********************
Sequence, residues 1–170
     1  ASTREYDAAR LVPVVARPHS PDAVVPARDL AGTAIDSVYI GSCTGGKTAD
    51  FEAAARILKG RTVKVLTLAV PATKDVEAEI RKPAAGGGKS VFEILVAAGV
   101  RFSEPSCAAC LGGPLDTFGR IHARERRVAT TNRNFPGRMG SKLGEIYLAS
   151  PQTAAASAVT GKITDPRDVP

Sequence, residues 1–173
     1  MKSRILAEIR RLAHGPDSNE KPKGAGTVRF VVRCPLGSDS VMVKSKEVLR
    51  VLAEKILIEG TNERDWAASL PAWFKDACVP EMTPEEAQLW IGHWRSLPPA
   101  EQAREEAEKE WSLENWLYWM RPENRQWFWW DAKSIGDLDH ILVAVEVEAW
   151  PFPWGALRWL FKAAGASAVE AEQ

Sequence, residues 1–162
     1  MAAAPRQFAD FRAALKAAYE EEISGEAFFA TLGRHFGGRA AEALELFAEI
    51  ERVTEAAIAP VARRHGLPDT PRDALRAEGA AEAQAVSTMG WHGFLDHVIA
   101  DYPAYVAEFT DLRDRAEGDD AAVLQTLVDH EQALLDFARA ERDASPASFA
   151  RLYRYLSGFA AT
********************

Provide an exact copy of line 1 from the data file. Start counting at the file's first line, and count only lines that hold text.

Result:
Sequence, residues 1–170